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Elsey2
July 30th, 2014, 12:49 AM
If anyone could possibly give me pointers on this opening and if you find it at all effective/hooking that would be great. I am looking for any and all critical reviews on this piece. I've written 15 chapters so far, but this is the opener. Thanks in advance. I am loving the site so far! :)




Prelude
June20

The sound of sirens was the lastthing the residents of Harbor Bay expected to hear just weeks into the summer. Likeevery year, the beach community had been preparing for another fun, eventfulsummer. Times were supposed to be happy and carefree; though no one felt thatway; not at that instant. Delilah couldn’t take her eyes offof the hysterical woman, whose arms reached past the grasp of the policeofficer who was holding her back. She was a mother; her teenage daughter hadbeen missing for more than a week and cast off as a runaway. From the look inher eyes, even for that brief, heartbreaking moment, Delilah could see that thedevoted parent hadn’t believed it for a second. Shemust have been sitting up nights waiting for this day, Delilah thought toherself, dreading this day. Mason’s arm rested snugly around hershoulders, as it always did. He, too, looked as if he was in shock. There wasnothing any of them could do or say to profess their undying sadness andcondolences to the stranger before them. “I need to see her!” the womanshrieked. Her voice was shrill, and high-pitched and desperate. “Is that him?Is that the one who… who did this to her?” Delilah’s eyes fell upon the ghastlyscene. She knew she would never get the woman’s voice out of her mind. Theincident at hand was something that had the ability to change a person. Shefelt it, and from the tight grip of Mason’s fingers around her shoulder, sheknew he felt it too. Police lights decorated the faces ofeveryone in the immediate area, though seemed to highlight hysterical motherand the perpetrator. A chaotic mix of reds and bluesdanced menacingly across the middle-aged woman’s face. The lights seemed tohighlight the nightmare that had come true for the hardworking mother of three.They were relentless and wouldn’t let her be. The devil; that’s what passedthrough Delilah’s mind next as her eyes focused on the young man being pusheddown by the top of his head into the police car. The tranquil nature of hisface and certain look in his bloodshot eyes as the red lights crashed over hisbody made her want to squirm. The icing on the cake was his smirk; anexpression so subtle that it was quite possible that no one else had picked upon it. He’sthinks he’s going to walk, Delilah thought, unable to keep herself fromshaking her head. He thinks he has analibi. He thinks his parents and all of their money will get him off the hook.He doesn’t even care. She searched his face in the final second before thecruiser door slammed shut. There was not even a trace ofhumility.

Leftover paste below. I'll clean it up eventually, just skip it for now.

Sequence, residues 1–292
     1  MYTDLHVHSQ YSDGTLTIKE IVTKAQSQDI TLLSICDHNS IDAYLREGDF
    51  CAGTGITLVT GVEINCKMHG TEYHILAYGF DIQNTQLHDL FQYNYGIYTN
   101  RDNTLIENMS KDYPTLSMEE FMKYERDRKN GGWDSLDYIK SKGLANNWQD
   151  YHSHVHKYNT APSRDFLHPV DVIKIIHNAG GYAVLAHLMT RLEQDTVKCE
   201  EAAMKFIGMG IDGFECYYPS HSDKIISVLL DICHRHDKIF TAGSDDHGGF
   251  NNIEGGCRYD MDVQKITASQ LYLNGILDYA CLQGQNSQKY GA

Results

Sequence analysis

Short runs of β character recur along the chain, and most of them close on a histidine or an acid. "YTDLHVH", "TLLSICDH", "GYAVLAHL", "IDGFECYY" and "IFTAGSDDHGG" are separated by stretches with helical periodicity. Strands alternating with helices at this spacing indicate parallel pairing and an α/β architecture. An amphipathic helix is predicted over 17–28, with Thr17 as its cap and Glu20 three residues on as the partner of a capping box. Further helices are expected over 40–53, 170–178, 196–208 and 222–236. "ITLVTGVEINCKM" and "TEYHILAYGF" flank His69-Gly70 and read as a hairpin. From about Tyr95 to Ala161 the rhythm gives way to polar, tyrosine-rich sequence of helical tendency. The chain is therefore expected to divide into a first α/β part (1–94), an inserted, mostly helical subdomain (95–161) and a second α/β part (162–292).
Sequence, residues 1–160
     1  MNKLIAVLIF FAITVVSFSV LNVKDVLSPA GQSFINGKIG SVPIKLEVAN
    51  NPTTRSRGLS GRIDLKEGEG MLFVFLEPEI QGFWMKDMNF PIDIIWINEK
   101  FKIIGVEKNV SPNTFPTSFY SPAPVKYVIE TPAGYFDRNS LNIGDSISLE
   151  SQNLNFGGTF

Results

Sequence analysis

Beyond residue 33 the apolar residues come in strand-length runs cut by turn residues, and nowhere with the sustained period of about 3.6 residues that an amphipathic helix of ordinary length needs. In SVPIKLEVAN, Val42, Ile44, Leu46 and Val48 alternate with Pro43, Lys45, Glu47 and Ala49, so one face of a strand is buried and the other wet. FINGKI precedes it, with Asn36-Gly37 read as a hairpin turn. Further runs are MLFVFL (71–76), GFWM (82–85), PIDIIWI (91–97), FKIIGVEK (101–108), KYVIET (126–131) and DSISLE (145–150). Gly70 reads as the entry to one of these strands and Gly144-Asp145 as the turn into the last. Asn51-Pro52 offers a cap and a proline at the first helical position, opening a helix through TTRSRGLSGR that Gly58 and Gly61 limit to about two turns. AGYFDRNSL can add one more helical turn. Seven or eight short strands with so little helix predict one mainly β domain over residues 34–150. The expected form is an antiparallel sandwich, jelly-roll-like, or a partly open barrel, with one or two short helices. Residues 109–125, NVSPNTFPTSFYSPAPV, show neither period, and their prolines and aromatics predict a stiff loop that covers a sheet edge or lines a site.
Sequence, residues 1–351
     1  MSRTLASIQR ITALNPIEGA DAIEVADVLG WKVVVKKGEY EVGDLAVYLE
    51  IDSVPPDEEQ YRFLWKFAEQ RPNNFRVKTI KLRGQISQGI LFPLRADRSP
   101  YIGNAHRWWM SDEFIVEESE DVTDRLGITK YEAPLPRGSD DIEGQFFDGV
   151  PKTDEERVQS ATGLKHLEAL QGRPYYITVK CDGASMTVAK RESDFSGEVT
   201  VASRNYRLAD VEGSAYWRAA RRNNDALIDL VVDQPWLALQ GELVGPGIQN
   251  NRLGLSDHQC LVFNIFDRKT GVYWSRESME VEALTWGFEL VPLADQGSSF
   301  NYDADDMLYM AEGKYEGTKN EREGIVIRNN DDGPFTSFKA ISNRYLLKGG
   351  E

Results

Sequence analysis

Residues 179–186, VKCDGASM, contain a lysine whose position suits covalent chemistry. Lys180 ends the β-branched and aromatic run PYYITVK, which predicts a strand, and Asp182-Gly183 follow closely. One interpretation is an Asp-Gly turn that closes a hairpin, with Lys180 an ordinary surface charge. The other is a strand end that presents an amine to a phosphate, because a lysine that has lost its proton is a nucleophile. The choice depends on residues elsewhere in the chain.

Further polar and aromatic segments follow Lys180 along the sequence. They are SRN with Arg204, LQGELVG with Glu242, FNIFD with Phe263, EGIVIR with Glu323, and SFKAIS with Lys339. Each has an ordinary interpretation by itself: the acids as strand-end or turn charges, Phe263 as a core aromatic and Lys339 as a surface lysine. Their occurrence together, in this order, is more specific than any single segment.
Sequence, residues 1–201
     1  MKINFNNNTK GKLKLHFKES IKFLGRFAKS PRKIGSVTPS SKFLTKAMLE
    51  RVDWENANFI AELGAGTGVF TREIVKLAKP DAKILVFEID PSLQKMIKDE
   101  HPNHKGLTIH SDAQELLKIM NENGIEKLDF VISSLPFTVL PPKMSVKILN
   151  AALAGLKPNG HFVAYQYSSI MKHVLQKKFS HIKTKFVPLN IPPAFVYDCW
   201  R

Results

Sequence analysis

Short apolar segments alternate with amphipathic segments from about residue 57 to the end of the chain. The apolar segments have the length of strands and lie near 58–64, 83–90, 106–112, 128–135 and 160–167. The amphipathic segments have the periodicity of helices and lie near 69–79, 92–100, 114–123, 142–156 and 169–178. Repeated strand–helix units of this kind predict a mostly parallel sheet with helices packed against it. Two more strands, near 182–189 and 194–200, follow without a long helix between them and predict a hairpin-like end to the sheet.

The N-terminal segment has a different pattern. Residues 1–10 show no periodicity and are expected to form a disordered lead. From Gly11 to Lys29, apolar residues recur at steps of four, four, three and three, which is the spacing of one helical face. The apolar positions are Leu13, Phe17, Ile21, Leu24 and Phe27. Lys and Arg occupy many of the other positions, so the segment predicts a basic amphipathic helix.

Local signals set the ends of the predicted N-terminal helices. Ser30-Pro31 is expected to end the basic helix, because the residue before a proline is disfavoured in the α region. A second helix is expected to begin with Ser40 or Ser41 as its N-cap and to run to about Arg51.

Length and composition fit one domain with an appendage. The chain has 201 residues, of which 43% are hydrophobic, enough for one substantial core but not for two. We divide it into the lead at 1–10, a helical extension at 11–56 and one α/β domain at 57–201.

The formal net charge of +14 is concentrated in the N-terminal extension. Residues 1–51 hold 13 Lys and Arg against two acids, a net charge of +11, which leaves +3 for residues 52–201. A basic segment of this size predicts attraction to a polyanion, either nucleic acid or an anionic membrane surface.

oggmeister
July 31st, 2014, 03:30 AM
First off, there's something wrong with how you posted this entry as there are a number of words that are smashed together, making it challenging to read. Also, spacing this into separate paragraphs would help us read through the story. I know these are nits but visually, the piece is difficult to read.